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The incidence of prosthetic valve implantation is increasing in the paediatric population. Prosthetic valve thrombosis leading to obstruction could potentially be a life-threatening complication. There is a debate regarding optimal management of this complication, and there is limited use of thrombolytic therapy in childhood in the setting of valve thrombosis.
We aim to share our experience of successfully using fibrinolytic therapy in terms of alteplase for paediatric prosthetic mitral valve thrombosis and to propose a management algorithm.
This retrospective analysis of the database was conducted at our hospital including patients who underwent thrombolysis (alteplase) for prosthetic mitral valve thrombosis from June, 2011 to June, 2021. A total of 10 patients with 20 attempts of alteplase infusion were found in our record.
Alteplase was successful in 19 attempts to relieve valve thrombosis. The safe and effective dose of alteplase was between 0.1 and 0.3 mg/kg/hour. There were no associated major bleeding complications and alteplase was administered either by central or peripheral line.
Thrombolysis by alteplase infusion was found to be successful in relief of prosthetic mitral valve thrombosis in paediatric population without major bleeding complications.
Infradiaphragmatic partial anomalous pulmonary venous connection is occasionally diagnosed in adulthood. Management of infradiaphragmatic PAPVC depends on anatomy and clinical presentation.
Over a 10-year period, we observed seven adult patients (median age 29 years) with partial anomalous pulmonary venous connection. We classified our patients in two groups. Group I: isolated partial anomalous pulmonary venous connection from one pulmonary lobe to the inferior vena cava, three patients. Group II: partial anomalous pulmonary venous connection of the entire right lung to IVC, four patients.
The mean term follow-up was 5.4 years. Patients in Group I have been managed conservatively, as they were asymptomatic, without a significant shunt. Patients in Group II were surgically corrected using long right intra-atrial baffles. After 6 months of follow-up, the first two cases were diagnosed with complete tunnel thrombosis and loss of right lung function. Oral anticoagulation failed to recanalize the tunnel. Considering this serious complication, the other two patients were empirically and preventively treated with anticoagulation after surgery, with good outcome on long-term follow-up.
Conservative management should be considered for asymptomatic patients, without a significant shunt. Surgical treatment of infradiaphragmatic partial anomalous pulmonary venous connection of the entire right lung in inferior vena cava is challenging. Slow blood flow inside the long intra-atrial baffles inclines to thrombosis and occlusion, as we observed in two cases. Therefore, oral anticoagulation should be considered for long baffles with slow blood flow.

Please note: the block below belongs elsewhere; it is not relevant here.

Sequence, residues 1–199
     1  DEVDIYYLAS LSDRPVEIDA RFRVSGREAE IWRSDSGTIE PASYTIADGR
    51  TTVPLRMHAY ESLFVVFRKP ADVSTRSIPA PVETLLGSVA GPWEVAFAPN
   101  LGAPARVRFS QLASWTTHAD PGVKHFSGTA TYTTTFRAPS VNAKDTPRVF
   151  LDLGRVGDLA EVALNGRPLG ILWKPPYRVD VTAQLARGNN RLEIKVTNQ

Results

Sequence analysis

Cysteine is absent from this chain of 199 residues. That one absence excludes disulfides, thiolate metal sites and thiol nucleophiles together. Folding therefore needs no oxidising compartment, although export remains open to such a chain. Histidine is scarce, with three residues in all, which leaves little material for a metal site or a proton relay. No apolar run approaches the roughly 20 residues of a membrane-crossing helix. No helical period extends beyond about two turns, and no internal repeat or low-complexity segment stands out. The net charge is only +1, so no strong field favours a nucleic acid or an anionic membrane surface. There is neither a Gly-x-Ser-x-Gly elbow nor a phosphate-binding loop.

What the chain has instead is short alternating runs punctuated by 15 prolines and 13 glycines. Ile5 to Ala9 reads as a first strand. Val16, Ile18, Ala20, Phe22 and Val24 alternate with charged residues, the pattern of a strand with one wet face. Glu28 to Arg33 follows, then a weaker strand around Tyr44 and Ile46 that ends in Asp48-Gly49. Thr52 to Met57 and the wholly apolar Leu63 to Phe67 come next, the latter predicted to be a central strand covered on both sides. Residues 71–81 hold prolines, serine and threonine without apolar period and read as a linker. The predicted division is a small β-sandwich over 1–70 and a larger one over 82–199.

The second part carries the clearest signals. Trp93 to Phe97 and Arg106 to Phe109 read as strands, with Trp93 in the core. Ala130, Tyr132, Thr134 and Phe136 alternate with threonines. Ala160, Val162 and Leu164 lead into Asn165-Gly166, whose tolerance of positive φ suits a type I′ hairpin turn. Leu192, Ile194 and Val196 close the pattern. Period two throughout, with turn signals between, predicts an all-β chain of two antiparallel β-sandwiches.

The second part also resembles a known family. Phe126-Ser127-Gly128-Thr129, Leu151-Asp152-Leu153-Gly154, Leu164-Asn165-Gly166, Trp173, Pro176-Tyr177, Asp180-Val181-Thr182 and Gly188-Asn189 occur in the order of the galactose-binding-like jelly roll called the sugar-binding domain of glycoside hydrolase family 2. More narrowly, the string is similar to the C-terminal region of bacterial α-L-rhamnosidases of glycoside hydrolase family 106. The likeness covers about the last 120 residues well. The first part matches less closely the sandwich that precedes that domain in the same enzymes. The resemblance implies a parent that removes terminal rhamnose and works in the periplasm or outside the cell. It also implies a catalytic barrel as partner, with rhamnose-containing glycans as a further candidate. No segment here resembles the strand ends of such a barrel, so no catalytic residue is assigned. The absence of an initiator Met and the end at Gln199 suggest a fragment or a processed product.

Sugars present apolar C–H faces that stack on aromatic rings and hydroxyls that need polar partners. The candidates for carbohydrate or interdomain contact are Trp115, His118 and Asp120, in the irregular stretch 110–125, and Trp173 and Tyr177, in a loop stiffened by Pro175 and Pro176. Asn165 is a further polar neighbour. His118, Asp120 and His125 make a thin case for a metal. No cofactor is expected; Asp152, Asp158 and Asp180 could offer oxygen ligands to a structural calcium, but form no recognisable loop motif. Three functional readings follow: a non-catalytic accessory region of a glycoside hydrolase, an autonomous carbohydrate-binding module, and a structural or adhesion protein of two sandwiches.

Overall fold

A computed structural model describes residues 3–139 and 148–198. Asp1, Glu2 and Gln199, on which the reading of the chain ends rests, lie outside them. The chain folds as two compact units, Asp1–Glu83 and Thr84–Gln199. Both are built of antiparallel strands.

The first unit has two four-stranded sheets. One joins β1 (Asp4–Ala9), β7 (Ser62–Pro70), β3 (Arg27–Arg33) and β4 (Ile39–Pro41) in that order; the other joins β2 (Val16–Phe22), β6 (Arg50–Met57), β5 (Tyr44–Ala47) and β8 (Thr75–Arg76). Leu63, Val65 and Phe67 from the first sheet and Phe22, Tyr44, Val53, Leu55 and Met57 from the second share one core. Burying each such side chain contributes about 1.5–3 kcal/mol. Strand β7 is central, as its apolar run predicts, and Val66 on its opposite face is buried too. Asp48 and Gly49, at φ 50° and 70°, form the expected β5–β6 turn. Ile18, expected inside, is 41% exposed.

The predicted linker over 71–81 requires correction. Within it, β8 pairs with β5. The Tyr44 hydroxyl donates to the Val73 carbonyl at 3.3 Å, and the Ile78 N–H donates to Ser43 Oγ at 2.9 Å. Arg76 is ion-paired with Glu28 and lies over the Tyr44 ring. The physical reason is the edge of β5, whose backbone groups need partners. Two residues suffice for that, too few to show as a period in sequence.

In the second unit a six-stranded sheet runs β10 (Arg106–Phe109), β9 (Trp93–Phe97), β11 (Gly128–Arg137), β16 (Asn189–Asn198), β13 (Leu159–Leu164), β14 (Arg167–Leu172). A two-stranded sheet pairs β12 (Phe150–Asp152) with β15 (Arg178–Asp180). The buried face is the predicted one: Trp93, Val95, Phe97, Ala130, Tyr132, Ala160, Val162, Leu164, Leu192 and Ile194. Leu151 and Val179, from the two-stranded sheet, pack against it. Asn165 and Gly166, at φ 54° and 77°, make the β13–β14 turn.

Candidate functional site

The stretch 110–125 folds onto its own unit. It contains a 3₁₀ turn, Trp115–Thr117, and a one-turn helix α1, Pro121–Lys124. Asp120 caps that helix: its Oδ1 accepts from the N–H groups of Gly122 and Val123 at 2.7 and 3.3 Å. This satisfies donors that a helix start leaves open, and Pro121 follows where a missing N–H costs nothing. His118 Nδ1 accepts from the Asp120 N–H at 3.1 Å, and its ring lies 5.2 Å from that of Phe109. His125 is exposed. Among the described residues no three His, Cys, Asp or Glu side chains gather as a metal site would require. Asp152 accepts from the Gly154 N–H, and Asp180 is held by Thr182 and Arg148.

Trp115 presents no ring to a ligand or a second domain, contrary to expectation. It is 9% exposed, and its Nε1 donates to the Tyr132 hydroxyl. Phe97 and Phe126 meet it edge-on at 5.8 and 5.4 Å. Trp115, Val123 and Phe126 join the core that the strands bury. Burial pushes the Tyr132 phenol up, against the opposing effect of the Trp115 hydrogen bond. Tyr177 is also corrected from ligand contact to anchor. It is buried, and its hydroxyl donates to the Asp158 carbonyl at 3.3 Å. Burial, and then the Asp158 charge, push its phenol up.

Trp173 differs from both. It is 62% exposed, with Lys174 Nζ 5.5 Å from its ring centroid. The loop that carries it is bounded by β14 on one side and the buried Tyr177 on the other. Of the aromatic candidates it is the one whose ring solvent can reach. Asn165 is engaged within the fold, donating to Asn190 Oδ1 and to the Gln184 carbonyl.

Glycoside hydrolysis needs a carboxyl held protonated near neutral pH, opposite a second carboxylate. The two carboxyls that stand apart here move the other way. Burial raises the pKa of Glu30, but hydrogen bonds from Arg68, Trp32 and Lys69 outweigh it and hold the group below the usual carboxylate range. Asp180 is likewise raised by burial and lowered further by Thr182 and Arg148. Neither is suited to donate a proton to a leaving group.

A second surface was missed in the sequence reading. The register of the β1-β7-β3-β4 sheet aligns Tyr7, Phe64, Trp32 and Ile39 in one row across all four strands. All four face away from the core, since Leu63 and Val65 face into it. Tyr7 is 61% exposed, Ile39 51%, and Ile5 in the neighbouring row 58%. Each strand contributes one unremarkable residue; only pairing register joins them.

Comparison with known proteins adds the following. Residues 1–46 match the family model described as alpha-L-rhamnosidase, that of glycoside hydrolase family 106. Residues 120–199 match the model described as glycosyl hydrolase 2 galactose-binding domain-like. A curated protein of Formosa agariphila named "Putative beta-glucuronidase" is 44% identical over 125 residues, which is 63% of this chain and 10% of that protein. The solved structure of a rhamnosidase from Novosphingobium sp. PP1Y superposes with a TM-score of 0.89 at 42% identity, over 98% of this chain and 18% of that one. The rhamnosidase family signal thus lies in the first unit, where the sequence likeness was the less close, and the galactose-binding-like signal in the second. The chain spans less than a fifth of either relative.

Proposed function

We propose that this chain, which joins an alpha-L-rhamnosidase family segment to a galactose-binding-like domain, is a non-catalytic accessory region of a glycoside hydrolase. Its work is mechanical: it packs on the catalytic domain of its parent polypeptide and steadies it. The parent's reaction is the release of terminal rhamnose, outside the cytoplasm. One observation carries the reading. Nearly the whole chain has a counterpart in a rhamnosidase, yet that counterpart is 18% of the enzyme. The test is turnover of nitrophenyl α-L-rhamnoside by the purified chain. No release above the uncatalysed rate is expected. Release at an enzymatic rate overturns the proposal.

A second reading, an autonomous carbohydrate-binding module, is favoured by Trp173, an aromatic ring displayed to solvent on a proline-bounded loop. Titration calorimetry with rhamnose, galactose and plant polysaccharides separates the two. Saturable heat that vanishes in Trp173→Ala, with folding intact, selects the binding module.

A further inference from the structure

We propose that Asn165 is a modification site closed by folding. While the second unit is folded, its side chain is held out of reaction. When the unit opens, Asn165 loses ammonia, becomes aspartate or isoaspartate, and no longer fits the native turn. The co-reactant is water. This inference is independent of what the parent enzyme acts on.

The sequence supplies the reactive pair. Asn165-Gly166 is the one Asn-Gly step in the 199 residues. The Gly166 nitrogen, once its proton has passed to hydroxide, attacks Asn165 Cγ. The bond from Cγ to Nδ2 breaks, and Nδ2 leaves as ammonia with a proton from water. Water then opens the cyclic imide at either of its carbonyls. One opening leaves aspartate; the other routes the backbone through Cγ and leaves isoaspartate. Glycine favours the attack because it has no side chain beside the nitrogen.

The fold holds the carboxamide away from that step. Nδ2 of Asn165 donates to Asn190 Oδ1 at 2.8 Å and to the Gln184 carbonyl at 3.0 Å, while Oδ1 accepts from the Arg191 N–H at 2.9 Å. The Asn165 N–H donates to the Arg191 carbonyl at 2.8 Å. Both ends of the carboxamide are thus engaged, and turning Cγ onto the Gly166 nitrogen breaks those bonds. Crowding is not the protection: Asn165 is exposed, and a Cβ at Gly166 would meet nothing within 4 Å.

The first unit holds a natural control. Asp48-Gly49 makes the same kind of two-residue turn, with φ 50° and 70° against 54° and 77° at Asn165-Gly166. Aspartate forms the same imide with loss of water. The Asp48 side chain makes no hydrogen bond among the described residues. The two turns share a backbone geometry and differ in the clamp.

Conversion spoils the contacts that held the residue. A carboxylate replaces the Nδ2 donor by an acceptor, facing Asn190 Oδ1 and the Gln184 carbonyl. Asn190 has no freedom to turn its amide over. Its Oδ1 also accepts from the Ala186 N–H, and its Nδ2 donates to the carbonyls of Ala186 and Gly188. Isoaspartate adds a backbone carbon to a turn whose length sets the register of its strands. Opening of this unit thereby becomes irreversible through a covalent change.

A 6-year-old boy, born with hypoplastic left heart syndrome, underwent total cavopulmonary connection and later presented in a significantly deteriorated condition. A CT scan revealed multiple thrombi in the extracardiac conduit, although the patient was maintained on an effective anticoagulant therapy. Further examination revealed anamnestic antibodies suggesting that the patient had gone through a clinically inapparent COVID-19 infection, which we conclude most likely contributed to his hypercoagulable state and led to the formation of significant thrombi impairing the patient’s haemodynamics. The patient underwent a surgical thrombectomy; there were no post-operative thrombotic complications.
Paediatric otogenic cerebral venous sinus thrombosis is a rare, heterogeneous and life-threatening condition, with possible otological, neurological and ophthalmological sequelae. Its course and outcomes can be widely variable. The publications available often consider individual aspects of paediatric otogenic cerebral venous sinus thrombosis management. The condition itself and the nature of the currently available guidance can lead to uncertainties when holistically managing patients with paediatric otogenic cerebral venous sinus thrombosis.
Clear recommendations for the comprehensive assessment and management of paediatric otogenic cerebral venous sinus thrombosis are presented, along with the literature review upon which they are based. Its clinical and radiological assessment are discussed.
A multidisciplinary approach to assessment and management is recommended, inclusive of infectious diseases, ENT surgery, neurology, ophthalmology and haematology. On balance, anticoagulation is recommended for three months. Follow-up imaging is not recommended in the absence of clinical concern. Follow up by ENT surgery, neurology and ophthalmology departments is recommended.
Acute stent thrombosis may complicate neonatal arterial duct stenting for reduced pulmonary blood flow. Thrombolytic agents recanalise the clot but may cause bleeding around the vascular sheaths and other sites. Since early thrombus is platelet mediated, intravenous platelet glycoprotein inhibitor like eptifibatide is likely to be effective, but rarely utilised in neonates. Ductal stent thrombosis treated with eptifibatide is reported.
Patients with cyanotic heart disease are at an increased risk of developing thrombosis. Aspirin has been the mainstay of prophylactic anticoagulation for shunt-dependent patients with several reports of prevalent aspirin resistance, especially in neonates. We investigate the incidence of aspirin resistance and its relationship to thrombotic events and mortality in a cohort of infants with shunt-dependent physiology.